line

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Line

1. In technical analysis, a situation in which the supply and demand for a security are largely the same. A line means that the security is unlikely to see any rapid fluctuation in price. It is called a line because, when plotted on a graph, it looks like a roughly horizontal line. Technical analysts look for signals that a line is ready to break one way or another before recommending that investors take a position on a security.

2. Informal; workers in a large, industrial company. They are called the line because, historically, they assembled the parts of a product while literally standing next to each other in a long line, also called an assembly line.

line

In technical analysis, a horizontal pattern on a price chart indicating a period during which supply and demand for a security are relatively equal. Technical analysts generally look for the price to break away from the line, at which time they are likely to take a position in the direction of the movement. See also making a line.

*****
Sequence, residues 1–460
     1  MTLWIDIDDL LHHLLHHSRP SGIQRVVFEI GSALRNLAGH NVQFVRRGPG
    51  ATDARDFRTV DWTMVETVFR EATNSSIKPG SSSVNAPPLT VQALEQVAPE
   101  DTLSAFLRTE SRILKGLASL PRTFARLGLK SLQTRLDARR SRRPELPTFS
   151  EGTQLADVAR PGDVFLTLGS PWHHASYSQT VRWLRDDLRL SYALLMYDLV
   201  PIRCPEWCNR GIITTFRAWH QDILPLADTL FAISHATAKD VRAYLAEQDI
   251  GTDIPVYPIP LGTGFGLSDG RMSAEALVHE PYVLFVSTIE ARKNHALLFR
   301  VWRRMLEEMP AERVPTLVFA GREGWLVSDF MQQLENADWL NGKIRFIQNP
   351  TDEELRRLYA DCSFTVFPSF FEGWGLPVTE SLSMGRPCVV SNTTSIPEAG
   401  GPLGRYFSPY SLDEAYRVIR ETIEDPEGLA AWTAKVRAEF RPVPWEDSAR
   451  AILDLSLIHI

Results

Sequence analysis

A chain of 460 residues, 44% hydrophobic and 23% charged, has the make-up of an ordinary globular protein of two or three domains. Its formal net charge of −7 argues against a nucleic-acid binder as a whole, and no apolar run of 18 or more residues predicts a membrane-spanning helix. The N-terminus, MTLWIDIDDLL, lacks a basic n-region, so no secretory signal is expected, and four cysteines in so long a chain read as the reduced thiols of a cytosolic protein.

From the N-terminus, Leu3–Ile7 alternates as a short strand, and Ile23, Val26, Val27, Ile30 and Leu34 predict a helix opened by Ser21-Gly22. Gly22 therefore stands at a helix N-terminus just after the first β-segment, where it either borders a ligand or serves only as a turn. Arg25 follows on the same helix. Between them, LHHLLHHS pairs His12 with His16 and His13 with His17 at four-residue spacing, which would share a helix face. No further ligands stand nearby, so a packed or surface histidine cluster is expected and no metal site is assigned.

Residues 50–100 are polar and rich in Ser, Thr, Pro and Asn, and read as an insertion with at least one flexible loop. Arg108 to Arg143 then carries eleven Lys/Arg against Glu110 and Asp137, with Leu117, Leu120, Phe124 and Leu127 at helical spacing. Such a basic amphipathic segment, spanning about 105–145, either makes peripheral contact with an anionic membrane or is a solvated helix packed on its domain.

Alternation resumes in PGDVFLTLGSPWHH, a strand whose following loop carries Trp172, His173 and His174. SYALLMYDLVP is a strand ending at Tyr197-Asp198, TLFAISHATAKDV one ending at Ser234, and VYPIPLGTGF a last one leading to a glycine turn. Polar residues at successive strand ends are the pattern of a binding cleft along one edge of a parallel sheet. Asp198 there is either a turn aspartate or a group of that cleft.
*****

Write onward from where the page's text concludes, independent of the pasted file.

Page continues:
References in periodicals archive ?
According to Smith's "A Life of Pure Immanence," the divergence is also due to Deleuze's conception of life in terms of successful and failed lines of flight as immanent ethics of "good/bad" life.
DETERRITORIALIZED EXCURSIONS: LINES OF FLIGHT HEADING OUT
Somewhat as if, drifting on his lines of flight, he had tuned into the third type of knowledge .
What Julie Webber and I proposed in Expanding Curriculum Theory (2004) was that the curriculum studies field dwells in lines of flight research, research that demonstrated the possibilities of multiplicity.
This is unfortunate, because ultimately Lines of Flight is a somewhat old-fashioned series of interpretations of Pynchon's novels.
When she is freed from valorizing a certain organization, as well as certain organs and their social investments, multiple lines of flight become available.
As we know, the only way to do this is to reach the plane of consistency through lines of flight, which we are able to land on by pushing off of one of the strata.
a social field is less defined by its conflicts and contradictions than the lines of flight running through the social life" (13) in "a series of interlocking, overlapping, discrete systems of regulation of desire, language, thought and behaviour.